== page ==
7. Whiptail Lizards

The whip-tail lizard, which is native to Mexico and the United States Southwest, is another species capable of virgin birth (or asexual reproduction). Lizards in this species are exclusively reproducing via parthenogenesis.

  • Surprisingly, despite the lack of males in their population, this species of lizards continues to exhibit mating behaviors.
  • Since it further stimulates their reproductive success, such behavior of mounting other females, which is thought to be hormoneally driven, is very advantageous.

8. Boa Constrictor

Several snake species have been reported to engage in parthenogenesis. This species of snake was first seen reproducing asexually in 2010.

  • Despite being placed inside a cage with multiple males, this Boa constrictor had two virgin births.
  • Surprisingly, until this one, no vertebrate with the WW genotype has ever been documented to create a live WW kid.

9. Cape Honeybees

Virgin birth is more prevalent in honeybees than in other insects, particularly Cape honeybees. Only the queen bee in a bee colony is usually fertile and capable of mating with male drones, although this may vary. Female working bees are the offspring of the queen and male drone.

  • Interestingly, these male drones are produced by female working bees via parthenogenesis.
  • Moreover, certain types of parasitic bacteria may cause lady worker bees to become parthenogenetic.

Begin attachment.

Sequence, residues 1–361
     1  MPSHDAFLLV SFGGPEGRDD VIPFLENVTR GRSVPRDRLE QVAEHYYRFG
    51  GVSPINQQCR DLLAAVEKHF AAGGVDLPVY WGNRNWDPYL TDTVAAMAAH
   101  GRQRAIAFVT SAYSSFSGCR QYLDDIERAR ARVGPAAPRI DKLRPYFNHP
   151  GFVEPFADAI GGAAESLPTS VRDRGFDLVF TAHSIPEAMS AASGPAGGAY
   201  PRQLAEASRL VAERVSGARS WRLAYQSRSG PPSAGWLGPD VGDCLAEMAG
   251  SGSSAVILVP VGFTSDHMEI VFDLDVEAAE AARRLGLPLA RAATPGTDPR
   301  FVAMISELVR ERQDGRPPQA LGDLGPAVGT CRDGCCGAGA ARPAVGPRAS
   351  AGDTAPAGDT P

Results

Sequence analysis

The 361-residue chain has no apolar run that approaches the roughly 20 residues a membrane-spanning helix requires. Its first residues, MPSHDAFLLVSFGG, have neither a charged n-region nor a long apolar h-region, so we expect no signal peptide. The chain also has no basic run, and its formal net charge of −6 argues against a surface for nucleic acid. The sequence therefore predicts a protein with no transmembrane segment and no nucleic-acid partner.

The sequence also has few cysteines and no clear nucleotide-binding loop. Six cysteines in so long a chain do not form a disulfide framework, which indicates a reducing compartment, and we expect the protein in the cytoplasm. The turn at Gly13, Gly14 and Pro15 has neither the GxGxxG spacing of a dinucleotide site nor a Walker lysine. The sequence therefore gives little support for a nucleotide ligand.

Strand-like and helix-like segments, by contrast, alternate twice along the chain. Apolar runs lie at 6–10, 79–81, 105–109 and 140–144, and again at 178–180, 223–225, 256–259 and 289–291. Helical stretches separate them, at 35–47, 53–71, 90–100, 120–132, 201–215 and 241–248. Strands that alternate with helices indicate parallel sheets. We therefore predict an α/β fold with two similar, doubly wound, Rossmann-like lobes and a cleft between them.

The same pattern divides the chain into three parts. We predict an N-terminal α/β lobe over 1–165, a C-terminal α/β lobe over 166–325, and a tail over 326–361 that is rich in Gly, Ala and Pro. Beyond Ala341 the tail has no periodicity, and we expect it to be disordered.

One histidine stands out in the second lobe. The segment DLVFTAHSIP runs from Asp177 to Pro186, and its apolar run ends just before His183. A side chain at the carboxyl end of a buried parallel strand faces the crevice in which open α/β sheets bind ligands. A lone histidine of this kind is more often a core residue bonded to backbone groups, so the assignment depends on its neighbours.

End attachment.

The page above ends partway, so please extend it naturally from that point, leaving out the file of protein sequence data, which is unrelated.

10. Bdelloids

Bdelloids, also known as members of the class Bdelloidea, are rotifers that resemble leech creeping movements and are named after the Greek word “bdella,” which means “leech.” This creature has also made it into the list of immortal animals, according to the immortal creatures article.

  • Because they are regarded as the “most ancient asexuals,” this class of rotifers is possibly one of the most significant organisms in evolutionary biology.
  • This class includes all female animals that create their own (female) progeny from unfertilized eggs asexually.

Virgin births are the last resort for most of the aforementioned species to continue their species. The majority of scientists believe that early vertebrates devised this technique as a way to conserve energy and save time when finding a mate is more trouble than it’s worth.

Much about the origins of virgin births, as well as how many species are capable of reproducing in this manner, remains unknown even with current technology.